Invitations & Black Tie

28th Sunday in Ordinary Time


Ordinarily, when you get an invitation to dinner or a party, it presumes there is a connection, a relationship, or at best the potential for a relationship, between the sender of that invitation and you, its intended recipient. Invitations sent out to everyone within range like when you’re walking down the street and someone hands you a flyer for a restaurant around the corner, or they’re sent to everyone on a list like you might get occasionally from friends asking you to like their Facebook page, or they’re dispersed at random for maximum exposure but addressed to no one in particular—

My dearest,

Let me first of all inform you I got your email address from an anonymous email directory. I am Mrs. So-and-so, married to Dr. So-and-so, from some remote country far, far away who worked with a construction company also far, far away for 20 years before he died in a recent terrorist attack or tsunami or earthquake.

We do not have any children. But I have money to give away and I thought of you.

—you ever get those?, these are nothing more than phishing expeditions. They might sound sincere like those pesky emails from Nigerian princes looking to transfer several million dollars into your bank account for a small processing fee, or phone scams telling you the IRS has a warrant for your arrest, but if you can read between the lines, you might detect their not-so-honorable intentions. Only the unsuspecting and careless get caught in their trap. If you still keep getting these emails, ask a teenager to help you send them directly to your trash folder.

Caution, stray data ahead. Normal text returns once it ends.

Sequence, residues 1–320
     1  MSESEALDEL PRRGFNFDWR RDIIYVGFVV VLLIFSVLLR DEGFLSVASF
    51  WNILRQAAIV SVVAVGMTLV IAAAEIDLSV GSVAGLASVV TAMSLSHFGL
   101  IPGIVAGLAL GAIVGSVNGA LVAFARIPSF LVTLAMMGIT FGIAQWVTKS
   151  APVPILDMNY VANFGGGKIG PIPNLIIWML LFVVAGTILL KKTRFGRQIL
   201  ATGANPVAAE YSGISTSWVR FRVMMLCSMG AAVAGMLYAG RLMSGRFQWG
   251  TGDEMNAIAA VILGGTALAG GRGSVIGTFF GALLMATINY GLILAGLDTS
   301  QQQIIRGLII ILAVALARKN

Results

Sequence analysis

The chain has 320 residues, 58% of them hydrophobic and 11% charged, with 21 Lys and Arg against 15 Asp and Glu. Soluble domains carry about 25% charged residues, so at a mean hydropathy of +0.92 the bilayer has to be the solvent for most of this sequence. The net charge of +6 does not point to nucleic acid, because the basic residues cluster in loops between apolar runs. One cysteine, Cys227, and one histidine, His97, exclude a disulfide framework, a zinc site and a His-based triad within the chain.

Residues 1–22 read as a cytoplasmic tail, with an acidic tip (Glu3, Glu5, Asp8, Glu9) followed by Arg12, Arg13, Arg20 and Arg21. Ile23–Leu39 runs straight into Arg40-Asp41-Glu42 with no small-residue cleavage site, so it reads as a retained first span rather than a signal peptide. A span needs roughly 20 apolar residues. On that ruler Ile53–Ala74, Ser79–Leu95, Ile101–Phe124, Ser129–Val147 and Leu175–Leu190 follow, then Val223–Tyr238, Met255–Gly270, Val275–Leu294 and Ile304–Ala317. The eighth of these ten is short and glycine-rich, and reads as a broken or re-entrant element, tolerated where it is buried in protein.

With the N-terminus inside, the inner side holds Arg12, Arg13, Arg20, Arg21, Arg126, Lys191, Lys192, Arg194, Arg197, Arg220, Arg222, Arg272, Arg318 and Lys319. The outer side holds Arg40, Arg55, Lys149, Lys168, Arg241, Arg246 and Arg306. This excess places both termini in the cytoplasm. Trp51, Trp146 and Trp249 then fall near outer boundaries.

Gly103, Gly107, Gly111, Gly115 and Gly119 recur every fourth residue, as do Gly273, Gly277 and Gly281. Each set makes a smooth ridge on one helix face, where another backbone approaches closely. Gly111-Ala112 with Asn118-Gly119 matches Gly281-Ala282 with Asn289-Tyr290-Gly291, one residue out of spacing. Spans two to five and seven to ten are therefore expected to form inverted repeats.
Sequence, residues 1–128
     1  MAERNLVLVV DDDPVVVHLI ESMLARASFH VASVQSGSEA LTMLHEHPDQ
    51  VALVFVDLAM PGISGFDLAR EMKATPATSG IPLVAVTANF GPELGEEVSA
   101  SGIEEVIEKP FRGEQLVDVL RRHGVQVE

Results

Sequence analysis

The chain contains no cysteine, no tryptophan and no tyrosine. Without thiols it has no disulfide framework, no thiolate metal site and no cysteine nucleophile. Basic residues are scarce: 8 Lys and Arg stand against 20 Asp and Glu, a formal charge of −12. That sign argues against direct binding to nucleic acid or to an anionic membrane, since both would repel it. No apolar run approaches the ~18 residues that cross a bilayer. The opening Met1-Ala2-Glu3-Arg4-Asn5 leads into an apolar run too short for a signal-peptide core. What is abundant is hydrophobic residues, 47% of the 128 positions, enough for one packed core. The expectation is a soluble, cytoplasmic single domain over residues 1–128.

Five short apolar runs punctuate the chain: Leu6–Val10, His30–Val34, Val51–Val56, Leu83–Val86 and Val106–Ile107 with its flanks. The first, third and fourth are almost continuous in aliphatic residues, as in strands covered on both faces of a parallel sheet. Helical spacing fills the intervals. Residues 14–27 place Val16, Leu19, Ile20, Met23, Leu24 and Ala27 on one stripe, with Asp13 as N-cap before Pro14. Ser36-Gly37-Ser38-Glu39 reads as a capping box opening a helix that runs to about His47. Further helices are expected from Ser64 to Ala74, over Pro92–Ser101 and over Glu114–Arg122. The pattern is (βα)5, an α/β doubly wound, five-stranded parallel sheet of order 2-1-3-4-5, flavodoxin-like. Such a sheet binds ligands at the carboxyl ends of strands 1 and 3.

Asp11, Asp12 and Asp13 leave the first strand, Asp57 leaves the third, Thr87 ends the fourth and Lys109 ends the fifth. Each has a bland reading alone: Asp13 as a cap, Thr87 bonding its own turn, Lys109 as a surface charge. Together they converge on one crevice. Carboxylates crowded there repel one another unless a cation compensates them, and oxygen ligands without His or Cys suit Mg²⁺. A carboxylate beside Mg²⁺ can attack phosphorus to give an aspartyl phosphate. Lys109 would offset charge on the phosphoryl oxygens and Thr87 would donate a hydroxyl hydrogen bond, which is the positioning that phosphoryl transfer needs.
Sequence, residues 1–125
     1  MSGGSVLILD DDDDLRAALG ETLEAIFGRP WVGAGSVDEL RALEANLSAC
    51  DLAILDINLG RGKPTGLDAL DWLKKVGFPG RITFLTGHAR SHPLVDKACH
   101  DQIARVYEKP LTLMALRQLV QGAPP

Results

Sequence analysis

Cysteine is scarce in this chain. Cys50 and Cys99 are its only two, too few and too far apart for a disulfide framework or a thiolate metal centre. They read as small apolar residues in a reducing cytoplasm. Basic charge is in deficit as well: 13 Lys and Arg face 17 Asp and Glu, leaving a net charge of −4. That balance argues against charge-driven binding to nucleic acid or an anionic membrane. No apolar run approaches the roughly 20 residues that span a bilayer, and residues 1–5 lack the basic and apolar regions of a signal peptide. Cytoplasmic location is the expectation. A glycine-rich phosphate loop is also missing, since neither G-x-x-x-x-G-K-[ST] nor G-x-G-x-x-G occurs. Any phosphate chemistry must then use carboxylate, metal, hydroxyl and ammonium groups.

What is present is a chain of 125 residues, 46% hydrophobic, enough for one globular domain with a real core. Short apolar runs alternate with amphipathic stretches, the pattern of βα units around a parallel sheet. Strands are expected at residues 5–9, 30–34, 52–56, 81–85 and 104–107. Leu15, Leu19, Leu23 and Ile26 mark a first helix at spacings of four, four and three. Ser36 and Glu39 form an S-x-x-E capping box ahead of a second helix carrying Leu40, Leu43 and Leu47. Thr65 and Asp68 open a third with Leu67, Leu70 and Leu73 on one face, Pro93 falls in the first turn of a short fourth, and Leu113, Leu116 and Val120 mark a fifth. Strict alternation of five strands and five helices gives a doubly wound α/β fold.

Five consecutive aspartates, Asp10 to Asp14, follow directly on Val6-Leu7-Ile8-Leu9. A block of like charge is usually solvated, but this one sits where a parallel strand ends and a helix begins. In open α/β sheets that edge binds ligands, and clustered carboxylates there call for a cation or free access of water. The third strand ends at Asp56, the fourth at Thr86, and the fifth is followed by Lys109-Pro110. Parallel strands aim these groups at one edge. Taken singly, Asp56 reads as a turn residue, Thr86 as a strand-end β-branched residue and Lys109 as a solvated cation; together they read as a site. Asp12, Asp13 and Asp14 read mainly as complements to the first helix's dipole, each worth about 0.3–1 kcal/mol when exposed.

So if you ever get a personally addressed invitation to a wedding banquet from some celebrity or bigwig or member of some royal family who is throwing a feast for their son or daughter, you might stop to ask yourself if there exists some connection or relationship, or the potential for a relationship, between the sender of that invitation and yourself. Nowadays, a personally addressed invitation can still look sincere because it’s addressed directly to you. Computers can accomplish that sort of deception easily. A few years back, such a personal touch could only be done by hand. Still, the salutation on the actual invitation might appear generic or be missing entirely. If at this point you are still questioning the existence of a connection or relationship with the sender, there’s a good chance you don’t have one. Feel free to chuck it; or hold on to it and await further instruction; or if it’s really fancy, frame it and show it off to your friends. Chances are, they won’t even know if you didn’t respond. Or if they care.

But if it’s real, and that connection, relationship, or potential for a relationship, does exist, it will trigger some kind of emotional response. It tells you the sender thinks highly enough of you, and wants you to share in their joy. You might not be sure if you actually want to share their joy. Maybe you disapprove of their choice of spouse, their choice of lifestyle, or their choice of venue. Maybe the invitation was meant to literally drive you up the wall. But if it is sincere and the relationship is real, and you can make the date, then you will have to start planning what to wear.